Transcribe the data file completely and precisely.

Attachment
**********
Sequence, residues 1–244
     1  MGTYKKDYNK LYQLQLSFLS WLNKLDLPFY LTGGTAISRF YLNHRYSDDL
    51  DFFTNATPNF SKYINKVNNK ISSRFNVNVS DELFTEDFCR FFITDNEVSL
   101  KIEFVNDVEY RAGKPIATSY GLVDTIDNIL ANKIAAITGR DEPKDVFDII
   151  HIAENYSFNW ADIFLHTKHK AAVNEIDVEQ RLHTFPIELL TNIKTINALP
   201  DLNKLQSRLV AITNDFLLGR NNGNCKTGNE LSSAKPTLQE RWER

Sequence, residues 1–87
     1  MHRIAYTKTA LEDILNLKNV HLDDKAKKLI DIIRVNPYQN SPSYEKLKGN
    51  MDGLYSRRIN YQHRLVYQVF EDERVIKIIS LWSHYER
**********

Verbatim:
Sequence, residues 1–244
     1  MGTYKKDYNK LYQLQLSFLS WLNKLDLPFY LTGGTAISRF YLNHRYSDDL
    51  DFFTNATPNF SKYINKVNNK ISSRFNVNVS DELFTEDFCR FFITDNEVSL
   101  KIEFVNDVEY RAGKPIATSY GLVDTIDNIL ANKIAAITGR DEPKDVFDII
   151  HIAENYSFNW ADIFLHTKHK AAVNEIDVEQ RLHTFPIELL TNIKTINALP
   201  DLNKLQSRLV AITNDFLLGR NNGNCKTGNE LSSAKPTLQE RWER

Sequence, residues 1–87
     1  MHRIAYTKTA LEDILNLKNV HLDDKAKKLI DIIRVNPYQN SPSYEKLKGN
    51  MDGLYSRRIN YQHRLVYQVF EDERVIKIIS LWSHYER